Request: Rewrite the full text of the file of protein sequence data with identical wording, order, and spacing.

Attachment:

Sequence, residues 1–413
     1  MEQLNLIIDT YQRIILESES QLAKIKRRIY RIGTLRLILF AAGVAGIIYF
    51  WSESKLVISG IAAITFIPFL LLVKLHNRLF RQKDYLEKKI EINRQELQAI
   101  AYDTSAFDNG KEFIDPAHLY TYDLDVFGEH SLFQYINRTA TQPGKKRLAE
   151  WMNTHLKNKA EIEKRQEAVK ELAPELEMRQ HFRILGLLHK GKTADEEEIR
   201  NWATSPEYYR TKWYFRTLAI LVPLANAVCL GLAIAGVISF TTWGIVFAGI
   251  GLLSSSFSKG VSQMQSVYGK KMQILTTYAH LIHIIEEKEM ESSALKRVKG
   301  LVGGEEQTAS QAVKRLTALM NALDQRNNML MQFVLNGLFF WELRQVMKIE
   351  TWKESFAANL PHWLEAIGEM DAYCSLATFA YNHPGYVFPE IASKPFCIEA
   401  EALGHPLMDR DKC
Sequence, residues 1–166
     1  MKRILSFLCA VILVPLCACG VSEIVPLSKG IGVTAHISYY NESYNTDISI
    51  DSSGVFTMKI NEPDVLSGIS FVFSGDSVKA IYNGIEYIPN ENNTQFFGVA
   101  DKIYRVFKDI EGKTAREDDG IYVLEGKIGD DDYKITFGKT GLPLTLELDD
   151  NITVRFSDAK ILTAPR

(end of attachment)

Sequence, residues 1–413
     1  MEQLNLIIDT YQRIILESES QLAKIKRRIY RIGTLRLILF AAGVAGIIYF
    51  WSESKLVISG IAAITFIPFL LLVKLHNRLF RQKDYLEKKI EINRQELQAI
   101  AYDTSAFDNG KEFIDPAHLY TYDLDVFGEH SLFQYINRTA TQPGKKRLAE
   151  WMNTHLKNKA EIEKRQEAVK ELAPELEMRQ HFRILGLLHK GKTADEEEIR
   201  NWATSPEYYR TKWYFRTLAI LVPLANAVCL GLAIAGVISF TTWGIVFAGI
   251  GLLSSSFSKG VSQMQSVYGK KMQILTTYAH LIHIIEEKEM ESSALKRVKG
   301  LVGGEEQTAS QAVKRLTALM NALDQRNNML MQFVLNGLFF WELRQVMKIE
   351  TWKESFAANL PHWLEAIGEM DAYCSLATFA YNHPGYVFPE IASKPFCIEA
   401  EALGHPLMDR DKC
Sequence, residues 1–166
     1  MKRILSFLCA VILVPLCACG VSEIVPLSKG IGVTAHISYY NESYNTDISI
    51  DSSGVFTMKI NEPDVLSGIS FVFSGDSVKA IYNGIEYIPN ENNTQFFGVA
   101  DKIYRVFKDI EGKTAREDDG IYVLEGKIGD DDYKITFGKT GLPLTLELDD
   151  NITVRFSDAK ILTAPR